Howard budget director sees 'difficult years'

Committee eyes Rainy Day Fund, is likely to recommend continued borrowing

February 28, 2010|By Larry Carson |

Howard County's fiscal woes could spill over into the next three budget years even with stringent economizing, a committee considering spending and borrowing recommendations was told Thursday.

A computer model assuming only a 1.9 percent growth in education spending - which includes no teacher pay raises - would still result in red ink for fiscal years 2011, 2012 and 2013 before revenue is predicted to again outstrip expenses. And county officials are still trying to make up for a projected $13 million shortfall this fiscal year.

Falling property values, stock market volatility and higher-than-normal unemployment because of the recession are the reasons tax collections are down.

A 3-cent increase in the property tax rate would roughly fix the shortfall, but County Executive Ken Ulman, who hopes to be re-elected in November, has said he won't propose any tax increases for fiscal 2011. Howard County can't raise income tax rates, which are already at the state's maximum.

"We face a series of difficult years," county budget director Raymond S. Wacks told members of the Spending Affordability Committee. "We'll have to remain vigilant on spending," he said.

With state-mandated spending on education, annual interest on debt and normal inflationary cost increases for health insurance and utilities, Ulman is largely limited to cutting the 30 percent of the locally funded county budget he controls, Wacks said.

The computer model shows that continuing authority to borrow up to $100 million through bond sales will boost that debt service cost from $84.2 million next fiscal year to $95.3 million by fiscal 2014, when revenue is expected to rebound. But interest costs take several years to come due, so lowering the bond borrowing would have little effect any time soon.

Besides, Wacks said, capital budget requests now being reviewed by the planning board total $160 million from bonds, and state highway user funds have been cut more than 90 percent.

"What school do you not renovate? What road do you not pave?" he asked rhetorically.

The recession can also help, however. County finance director Sharon Greisz said the county sold $107 million in general bonds Tuesday at a 3.13 percent interest rate - compared with 3.93 percent the county got one year ago.

"That's probably less [interest] than we ever received," she said. Lower interest rates mean a savings in debt-service payments over a 20-year period.

But the larger problem is the length of the revenue downturn and the uncertainty about what else might happen.

"You're looking at huge long-term risks here that you can't control," said Richard Clinch, director of economic research at the University of Baltimore's Jacob France Institute, and a committee member. He referred to possible state funding shifts, growing public retirement obligations, the possibility of rising inflation and interest rates. As a high-income county, Howard can expect a heavier hit than less prosperous jurisdictions, he said. If the state shifted teacher pension costs, for example, Wacks said, it would cost Howard up to $60 million a year.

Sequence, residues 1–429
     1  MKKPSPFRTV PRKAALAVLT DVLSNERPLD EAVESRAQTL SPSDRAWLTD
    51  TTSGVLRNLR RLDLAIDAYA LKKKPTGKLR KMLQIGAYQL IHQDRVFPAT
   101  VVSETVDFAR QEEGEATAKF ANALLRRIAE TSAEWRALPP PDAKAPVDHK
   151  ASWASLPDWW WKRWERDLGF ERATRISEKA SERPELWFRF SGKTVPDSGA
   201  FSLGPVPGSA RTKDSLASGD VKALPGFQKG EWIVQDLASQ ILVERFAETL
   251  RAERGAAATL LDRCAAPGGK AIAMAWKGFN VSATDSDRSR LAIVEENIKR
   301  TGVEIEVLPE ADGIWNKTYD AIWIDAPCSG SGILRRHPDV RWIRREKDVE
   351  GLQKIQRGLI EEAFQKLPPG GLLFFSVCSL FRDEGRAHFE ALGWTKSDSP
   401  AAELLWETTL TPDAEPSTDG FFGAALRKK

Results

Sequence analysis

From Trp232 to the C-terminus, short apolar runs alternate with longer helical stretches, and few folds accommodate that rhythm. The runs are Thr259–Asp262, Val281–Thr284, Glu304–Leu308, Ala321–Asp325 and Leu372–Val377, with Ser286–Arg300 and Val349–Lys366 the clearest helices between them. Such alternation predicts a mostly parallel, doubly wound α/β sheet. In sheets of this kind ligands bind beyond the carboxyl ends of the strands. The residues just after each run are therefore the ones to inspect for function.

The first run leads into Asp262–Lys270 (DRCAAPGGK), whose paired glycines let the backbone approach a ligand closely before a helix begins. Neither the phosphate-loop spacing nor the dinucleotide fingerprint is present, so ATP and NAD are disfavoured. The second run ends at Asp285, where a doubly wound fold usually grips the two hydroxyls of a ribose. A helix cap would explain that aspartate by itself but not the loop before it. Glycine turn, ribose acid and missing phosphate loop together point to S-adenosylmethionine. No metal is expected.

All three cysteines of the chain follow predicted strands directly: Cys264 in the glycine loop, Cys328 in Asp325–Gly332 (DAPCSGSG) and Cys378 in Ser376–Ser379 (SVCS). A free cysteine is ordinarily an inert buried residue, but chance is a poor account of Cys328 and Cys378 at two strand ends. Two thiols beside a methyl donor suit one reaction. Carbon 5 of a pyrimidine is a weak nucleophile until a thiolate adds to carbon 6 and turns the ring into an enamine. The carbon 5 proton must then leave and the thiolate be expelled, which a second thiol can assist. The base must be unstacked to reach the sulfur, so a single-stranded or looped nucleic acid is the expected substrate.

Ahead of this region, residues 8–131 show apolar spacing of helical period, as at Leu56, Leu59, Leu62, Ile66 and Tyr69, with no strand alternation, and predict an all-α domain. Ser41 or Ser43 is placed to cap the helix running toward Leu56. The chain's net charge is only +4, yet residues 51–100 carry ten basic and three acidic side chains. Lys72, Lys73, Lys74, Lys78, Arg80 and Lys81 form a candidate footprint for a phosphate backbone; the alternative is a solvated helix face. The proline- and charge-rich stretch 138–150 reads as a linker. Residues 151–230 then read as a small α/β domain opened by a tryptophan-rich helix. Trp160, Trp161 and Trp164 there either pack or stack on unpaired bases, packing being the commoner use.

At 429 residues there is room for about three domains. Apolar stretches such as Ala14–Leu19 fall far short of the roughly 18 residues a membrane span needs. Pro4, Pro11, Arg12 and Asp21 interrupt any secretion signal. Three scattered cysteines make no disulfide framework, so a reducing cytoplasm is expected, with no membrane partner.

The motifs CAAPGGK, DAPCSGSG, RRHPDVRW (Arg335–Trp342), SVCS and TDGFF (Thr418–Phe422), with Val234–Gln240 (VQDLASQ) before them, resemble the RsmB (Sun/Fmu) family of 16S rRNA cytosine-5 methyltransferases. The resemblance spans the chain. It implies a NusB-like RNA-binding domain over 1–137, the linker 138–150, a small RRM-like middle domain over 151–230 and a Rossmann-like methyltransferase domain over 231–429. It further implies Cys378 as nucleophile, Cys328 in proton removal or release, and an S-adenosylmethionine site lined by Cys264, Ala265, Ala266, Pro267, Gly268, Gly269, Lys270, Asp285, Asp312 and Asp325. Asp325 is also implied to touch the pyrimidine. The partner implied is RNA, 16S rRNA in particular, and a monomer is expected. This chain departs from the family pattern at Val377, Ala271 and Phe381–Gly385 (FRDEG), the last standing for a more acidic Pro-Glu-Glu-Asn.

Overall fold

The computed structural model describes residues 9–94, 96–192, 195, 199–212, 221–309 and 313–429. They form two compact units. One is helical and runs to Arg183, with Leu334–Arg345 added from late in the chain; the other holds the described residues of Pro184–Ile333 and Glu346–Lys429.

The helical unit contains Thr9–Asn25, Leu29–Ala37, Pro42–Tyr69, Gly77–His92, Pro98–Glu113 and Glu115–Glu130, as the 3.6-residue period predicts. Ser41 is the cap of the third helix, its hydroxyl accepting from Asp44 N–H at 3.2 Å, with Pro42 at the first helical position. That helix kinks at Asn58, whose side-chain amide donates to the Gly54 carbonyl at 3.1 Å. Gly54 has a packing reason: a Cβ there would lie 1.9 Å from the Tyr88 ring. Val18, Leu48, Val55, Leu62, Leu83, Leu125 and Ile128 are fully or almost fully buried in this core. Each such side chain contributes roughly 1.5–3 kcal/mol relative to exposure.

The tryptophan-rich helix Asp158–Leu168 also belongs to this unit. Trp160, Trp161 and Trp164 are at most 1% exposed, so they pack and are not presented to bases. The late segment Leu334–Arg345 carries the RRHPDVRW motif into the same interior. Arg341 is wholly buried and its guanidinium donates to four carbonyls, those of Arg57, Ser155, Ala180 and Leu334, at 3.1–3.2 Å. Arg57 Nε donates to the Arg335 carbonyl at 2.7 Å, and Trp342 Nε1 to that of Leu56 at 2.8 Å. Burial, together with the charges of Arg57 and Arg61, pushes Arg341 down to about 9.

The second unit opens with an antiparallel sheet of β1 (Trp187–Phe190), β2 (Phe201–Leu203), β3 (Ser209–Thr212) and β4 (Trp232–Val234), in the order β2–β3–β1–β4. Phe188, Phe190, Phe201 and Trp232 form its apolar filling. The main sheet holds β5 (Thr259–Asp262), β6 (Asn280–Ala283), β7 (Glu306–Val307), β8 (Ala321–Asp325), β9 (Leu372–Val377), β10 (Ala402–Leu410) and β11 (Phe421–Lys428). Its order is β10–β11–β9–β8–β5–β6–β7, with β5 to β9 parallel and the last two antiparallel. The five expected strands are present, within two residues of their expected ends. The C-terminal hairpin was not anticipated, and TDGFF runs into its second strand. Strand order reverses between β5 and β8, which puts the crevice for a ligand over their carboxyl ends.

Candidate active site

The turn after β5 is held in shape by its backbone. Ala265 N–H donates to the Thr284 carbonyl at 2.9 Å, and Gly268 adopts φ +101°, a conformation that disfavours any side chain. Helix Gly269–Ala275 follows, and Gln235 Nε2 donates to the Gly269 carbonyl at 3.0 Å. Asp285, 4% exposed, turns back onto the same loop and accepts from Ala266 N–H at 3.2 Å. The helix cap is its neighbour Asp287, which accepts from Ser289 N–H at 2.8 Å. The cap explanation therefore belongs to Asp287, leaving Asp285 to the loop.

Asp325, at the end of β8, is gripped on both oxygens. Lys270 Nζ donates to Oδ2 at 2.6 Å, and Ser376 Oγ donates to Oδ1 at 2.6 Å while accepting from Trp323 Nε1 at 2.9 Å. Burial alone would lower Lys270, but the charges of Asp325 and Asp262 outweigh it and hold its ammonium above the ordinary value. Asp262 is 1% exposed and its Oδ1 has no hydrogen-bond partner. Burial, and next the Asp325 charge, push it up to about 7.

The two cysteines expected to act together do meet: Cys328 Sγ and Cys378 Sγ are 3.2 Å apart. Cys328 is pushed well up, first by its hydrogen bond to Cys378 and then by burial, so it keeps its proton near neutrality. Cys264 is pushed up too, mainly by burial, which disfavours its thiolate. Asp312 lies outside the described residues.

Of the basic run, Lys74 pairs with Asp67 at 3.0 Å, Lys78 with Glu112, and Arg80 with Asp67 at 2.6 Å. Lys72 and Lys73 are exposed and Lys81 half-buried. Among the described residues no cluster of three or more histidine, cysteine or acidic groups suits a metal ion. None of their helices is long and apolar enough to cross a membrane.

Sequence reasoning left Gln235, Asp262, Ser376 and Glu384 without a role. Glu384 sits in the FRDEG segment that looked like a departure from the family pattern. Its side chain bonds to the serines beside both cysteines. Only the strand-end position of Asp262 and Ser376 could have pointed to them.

But Wacks mentioned another aspect of the problem.

"With the levels of reductions in budgets we've cut out everything we can without affecting services. Local government does very little that's esoteric," he said. Services such as trash collection, public safety and education are basic and expected by citizens.

While the county has a $48 million rainy-day fund, officials are reluctant to use it, especially for a multi-year stretch, though some committee members see it as a logical choice.

"I'm less likely to hit the rainy-day Fund," Clinch told the group. But Chris Myers of Glenelg, a local business owner, saw it differently; especially after Wacks said snow-removal costs from the two big February snowstorms are heading toward $4 million.

"My question is: 'When will it ever be raining harder than it is now?' " was the joking reply from another committee member, which brought general laughter. "Next year?" said Arnold G. Holz, an Ellicott City accountant.

That three-year forecast for up to $29 million in revenue shortfalls led Wacks to warn that using the rainy-day fund in a long-term situation could end in a structural deficit - a continuing gap between revenue and spending.

He also reminded the board that their role is to recommend borrowing levels and point out major elements for Ulman and the County Council, not choose specific remedies. That is the job of the elected officials, who are required by law to annually adopt a balanced budget, he said.

Wacks said he would draft a suggested report recommending continuation of $100 million a year in borrowing authority, and no committee members objected, though they can offer changes before the report goes to Ulman next month.

The executive presents his budget in April, and the County Council has until June 1 to make changes and adopt a spending plan that takes effect July 1.

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